Gay rights no easy sell in courts
Despite high-profile victories, gay-rights activists have lost most recent cases
Last June, the US Supreme Court gave a major boost to gay rights, overturning a 17-year legal precedent that had allowed states to criminalize private homosexual conduct.
Now, lower court judges are getting down to the important work of applying the high court's decision to a crop of new cases.
Gay-rights activists were hopeful that the Lawrence v. Texas decision would mark a turning point in the fight to end what they see as the second-class status of homosexuals in America. But at least so far, the record shows otherwise. Of five important gay-rights cases decided since the Lawrence ruling, gay-rights activists have lost all but one.
The outcome is evidence of an ongoing debate in courtrooms and legislative assembly halls across the country. It is a debate reflecting a fundamental disagreement within the US Supreme Court itself over the proper role of sexual morality in the law.
Should the law impose majority notions of right and wrong, or must laws be based on more neutral ground, embracing principles that facilitate individual liberty and equality?
The issue was thrust center stage last June in the Lawrence decision, an opinion that recognized for the first time that consenting adults have a constitutional right to engage privately in homosexual conduct without government interference. In reaching that decision, the majority justices overturned a key legal precedent that had held that states were justified in criminalizing homosexual conduct because it violated the shared moral values of society.
"The issue is whether the majority may use the power of the state to enforce these views [of morality] on the whole society through operation of the criminal law," wrote Justice Anthony Kennedy in the majority opinion in Lawrence. "Our obligation is to define liberty for all, not to mandate our own moral code."
Not so fast, countered Justice Antonin Scalia in a dissenting opinion. "The law, it is said, is constantly based on notions of morality, and if all laws representing essentially moral choices are to be invalidated ... the courts will be very busy indeed," he warned, quoting from the now overturned precedent.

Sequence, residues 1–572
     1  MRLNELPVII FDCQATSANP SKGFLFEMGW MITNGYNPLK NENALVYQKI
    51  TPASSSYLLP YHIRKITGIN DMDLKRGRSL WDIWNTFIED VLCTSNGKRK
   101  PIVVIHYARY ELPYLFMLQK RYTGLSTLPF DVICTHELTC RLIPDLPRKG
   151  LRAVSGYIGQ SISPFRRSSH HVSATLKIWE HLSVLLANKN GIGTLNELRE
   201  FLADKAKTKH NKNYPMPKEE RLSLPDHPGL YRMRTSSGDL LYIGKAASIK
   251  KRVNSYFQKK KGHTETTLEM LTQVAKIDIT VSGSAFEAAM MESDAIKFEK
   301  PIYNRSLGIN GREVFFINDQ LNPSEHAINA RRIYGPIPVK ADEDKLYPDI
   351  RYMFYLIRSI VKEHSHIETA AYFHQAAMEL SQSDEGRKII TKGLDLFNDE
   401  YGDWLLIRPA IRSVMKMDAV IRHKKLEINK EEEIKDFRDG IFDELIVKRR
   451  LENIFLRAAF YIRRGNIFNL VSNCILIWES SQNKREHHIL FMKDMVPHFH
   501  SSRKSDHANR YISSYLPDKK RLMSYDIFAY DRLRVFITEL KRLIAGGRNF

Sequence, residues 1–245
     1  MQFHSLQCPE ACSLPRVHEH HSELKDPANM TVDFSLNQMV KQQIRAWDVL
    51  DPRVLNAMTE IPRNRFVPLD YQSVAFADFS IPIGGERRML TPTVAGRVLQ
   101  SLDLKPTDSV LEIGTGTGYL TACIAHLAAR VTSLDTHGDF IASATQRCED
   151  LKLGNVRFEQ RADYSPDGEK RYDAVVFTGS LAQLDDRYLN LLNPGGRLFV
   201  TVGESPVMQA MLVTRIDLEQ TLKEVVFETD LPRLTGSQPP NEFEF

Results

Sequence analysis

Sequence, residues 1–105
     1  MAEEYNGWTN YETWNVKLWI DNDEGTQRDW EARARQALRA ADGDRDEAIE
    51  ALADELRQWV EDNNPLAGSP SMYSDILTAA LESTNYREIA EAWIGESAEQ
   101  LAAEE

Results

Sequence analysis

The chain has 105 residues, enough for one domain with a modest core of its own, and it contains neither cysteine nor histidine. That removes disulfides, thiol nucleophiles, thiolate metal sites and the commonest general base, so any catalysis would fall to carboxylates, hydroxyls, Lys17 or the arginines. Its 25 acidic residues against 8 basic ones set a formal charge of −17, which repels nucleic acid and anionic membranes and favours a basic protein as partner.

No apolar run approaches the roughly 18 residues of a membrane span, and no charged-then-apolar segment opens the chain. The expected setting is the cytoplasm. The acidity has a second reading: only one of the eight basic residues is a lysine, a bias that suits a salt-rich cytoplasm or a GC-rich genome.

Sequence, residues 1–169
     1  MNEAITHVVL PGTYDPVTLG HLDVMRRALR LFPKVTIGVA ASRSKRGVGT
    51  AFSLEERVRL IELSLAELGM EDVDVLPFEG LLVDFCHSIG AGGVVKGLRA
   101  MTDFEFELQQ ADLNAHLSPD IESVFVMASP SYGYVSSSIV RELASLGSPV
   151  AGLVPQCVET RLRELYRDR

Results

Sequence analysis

Thus was the stage set for the current showdown over same-sex marriage and gay and lesbian civil rights. If morality is no longer an acceptable justification for state laws and regulations that treat homosexuals differently from heterosexuals, a long list of laws suddenly look constitutionally suspect.
Justice Scalia told his fellow justices they had just opened Pandora's box. Not only same-sex marriage and the ban on gays in the military, but laws against bigamy, adult incest, prostitution, adultery, bestiality, and obscenity are all based on moral choices, he said, and all are now open to challenge on constitutional grounds. "This effectively decrees the end of all morals legislation," Scalia declared.
But eight months after Lawrence v. Texas shocked conservatives and drew cheers from gay-rights supporters, Lawrence is emerging as a far less revolutionary legal precedent than first advertised by Scalia. Lower courts have issued five rulings since Lawrence, but only one was a victory for gay rights. That victory - requiring recognition of same-sex marriages in Massachusetts - is based on a broad reading of the state constitution rather than any newly recognized federal rights stemming from Lawrence.